The doctrine I am referring to is the doctrine of salvation—who will be saved in the Celestial Kingdom and who won’t. On this specific subject, all authors I have read agree. However, some say that very few will be saved in this sense, while others declare most will be saved (see my post for Odds Are You’re Going to Be Exalted. I may re-read this book again and add to my earlier post).
However, there is one part of Doxey’s book that I really enjoyed, and I wish to share it here. He is quoting William Jennings Bryan: “Must we understand [our food] before we eat it? If we refused to eat anything until we could understand the mystery of its growth, we would die of starvation. But mystery does not bother us in the dining room; it is only in the church that it is a stumbling block.”
Tuesday, February 12, 2013
|This is the modern cover of the book|
The first half of the book deals specifically with the spirit world. I found this part of the book absolutely fascinating! The content came from scriptural passages, statements by Church leaders, and actual experiences of latter-day saints. There were many times where I felt great comfort and peace as I read different accounts. Many questions I had were answered, although I admit that new questions came up, and some old questions still remain. To me, the entire book is worth reading just for this portion alone.
The book goes on to explain the doctrines of resurrection, the final judgment, and the different rewards available afterwards. This part of the book felt a little more tedious to me than the rest, but it was still good. I really liked how the author will flat out state that his opinion is not doctrine, but then he explains through scripture and quotes from general authorities why he carries that opinion.
During the entire reading, I noticed two or three times where the author did not get a fact straight. However, I read the copy given to my Grandpa Wanlass in 1968. There is a good chance that these few small errors have been corrected in more recent editions of this book. I really loved this book and I strongly recommend it.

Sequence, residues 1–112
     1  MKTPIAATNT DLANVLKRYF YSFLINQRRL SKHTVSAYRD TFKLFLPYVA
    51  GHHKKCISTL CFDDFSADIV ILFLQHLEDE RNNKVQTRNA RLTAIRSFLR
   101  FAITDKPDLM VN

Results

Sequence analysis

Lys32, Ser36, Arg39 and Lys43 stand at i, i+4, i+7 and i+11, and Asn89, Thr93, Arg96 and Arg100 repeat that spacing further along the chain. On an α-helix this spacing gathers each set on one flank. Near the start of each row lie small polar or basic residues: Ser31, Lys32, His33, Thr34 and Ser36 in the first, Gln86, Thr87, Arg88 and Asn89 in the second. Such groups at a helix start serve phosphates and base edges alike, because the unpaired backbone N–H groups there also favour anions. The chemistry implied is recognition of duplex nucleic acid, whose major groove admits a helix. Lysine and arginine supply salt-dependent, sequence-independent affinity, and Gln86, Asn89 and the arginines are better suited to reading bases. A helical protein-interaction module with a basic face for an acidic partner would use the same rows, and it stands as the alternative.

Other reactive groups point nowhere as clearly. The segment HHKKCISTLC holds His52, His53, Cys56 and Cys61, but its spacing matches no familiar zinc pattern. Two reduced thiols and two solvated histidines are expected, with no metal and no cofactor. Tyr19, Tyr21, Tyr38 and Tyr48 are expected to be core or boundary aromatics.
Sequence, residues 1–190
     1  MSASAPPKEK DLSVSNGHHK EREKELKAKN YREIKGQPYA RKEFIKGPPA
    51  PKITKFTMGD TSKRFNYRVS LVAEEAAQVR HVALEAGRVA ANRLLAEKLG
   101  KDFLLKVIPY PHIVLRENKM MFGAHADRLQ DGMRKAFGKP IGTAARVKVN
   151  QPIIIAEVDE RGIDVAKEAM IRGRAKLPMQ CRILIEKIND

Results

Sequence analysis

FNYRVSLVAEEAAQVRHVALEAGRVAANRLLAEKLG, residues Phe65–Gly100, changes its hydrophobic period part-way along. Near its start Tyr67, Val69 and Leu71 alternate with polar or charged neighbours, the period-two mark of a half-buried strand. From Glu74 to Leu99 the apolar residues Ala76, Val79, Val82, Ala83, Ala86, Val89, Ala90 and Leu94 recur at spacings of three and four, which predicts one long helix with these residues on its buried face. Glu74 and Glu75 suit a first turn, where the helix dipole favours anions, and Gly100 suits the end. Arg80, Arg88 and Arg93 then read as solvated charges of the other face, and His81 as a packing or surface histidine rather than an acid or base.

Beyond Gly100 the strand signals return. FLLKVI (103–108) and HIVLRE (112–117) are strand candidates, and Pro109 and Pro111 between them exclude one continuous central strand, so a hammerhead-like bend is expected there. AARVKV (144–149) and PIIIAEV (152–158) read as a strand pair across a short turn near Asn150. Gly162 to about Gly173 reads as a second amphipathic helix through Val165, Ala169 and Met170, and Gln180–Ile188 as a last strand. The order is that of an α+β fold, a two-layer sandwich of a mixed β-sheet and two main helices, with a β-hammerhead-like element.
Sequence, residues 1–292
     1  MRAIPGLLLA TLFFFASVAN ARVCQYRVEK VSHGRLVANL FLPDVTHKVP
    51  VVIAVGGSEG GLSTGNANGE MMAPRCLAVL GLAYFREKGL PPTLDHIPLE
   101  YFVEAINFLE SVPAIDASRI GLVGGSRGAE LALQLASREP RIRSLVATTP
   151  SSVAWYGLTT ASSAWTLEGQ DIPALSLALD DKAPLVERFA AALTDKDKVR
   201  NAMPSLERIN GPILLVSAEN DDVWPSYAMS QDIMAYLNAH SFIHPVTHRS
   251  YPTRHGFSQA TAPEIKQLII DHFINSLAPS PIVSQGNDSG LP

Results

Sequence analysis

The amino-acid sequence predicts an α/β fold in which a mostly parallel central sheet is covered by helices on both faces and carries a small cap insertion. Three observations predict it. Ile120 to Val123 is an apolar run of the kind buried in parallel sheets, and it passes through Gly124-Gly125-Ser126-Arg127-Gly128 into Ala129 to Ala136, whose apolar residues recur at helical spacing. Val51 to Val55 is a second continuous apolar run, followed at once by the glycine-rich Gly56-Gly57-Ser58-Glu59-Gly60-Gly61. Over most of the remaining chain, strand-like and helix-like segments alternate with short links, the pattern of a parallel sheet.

Thursday, February 7, 2013
I cannot say enough good things about The Divine Center by Stephen R. Covey. I consider this book to be a classic, and I recommend it for every LDS home. In this book, Covey explains that each individual views the world through a personal lense. We all base our understanding of the world on our perception. This book requires the reader to evaluate his/her perception and how we center our lives and our focus.
Throughout the book, Covey reminds the reader that celestial principles cannot be effectively taught in a telestial manner. Likewise, they cannot be truly implemented with a casual effort. If we spend months and years to learn skills in sports, music and academic learning, then surely we need to apply the same diligence to becoming converted and placing God at the center of our lives.
This book has awakened a deep longing inside me to be better connected to my Heavenly Father. It has reminded me of many of my faults and has brought to my memory many times in my life where a situation could have turned out much better if I had my life properly centered where it should have been. But this book has not filled me with discouragement, but rather with inspiration and eagerness to be better.
I purchased Mormons and Masons by Matthew B. Brown quite a while ago because of my interest on the subject. My curiosity on the subject began during the semester I spent in Nauvoo, and it has only grown from there. When I read this book, I was very impressed with the author’s depth of study, his explanations, and his courtesy.
I read the book because I wanted a better understanding of fact vs. fiction regarding this subject. To my surprise, he didn’t really address this until the last chapter of the book. Brown spends a great deal of time discussing the history of freemasonry, and its history certainly is fascinating. The research dispels many rumors and fantastical notions regarding this organization.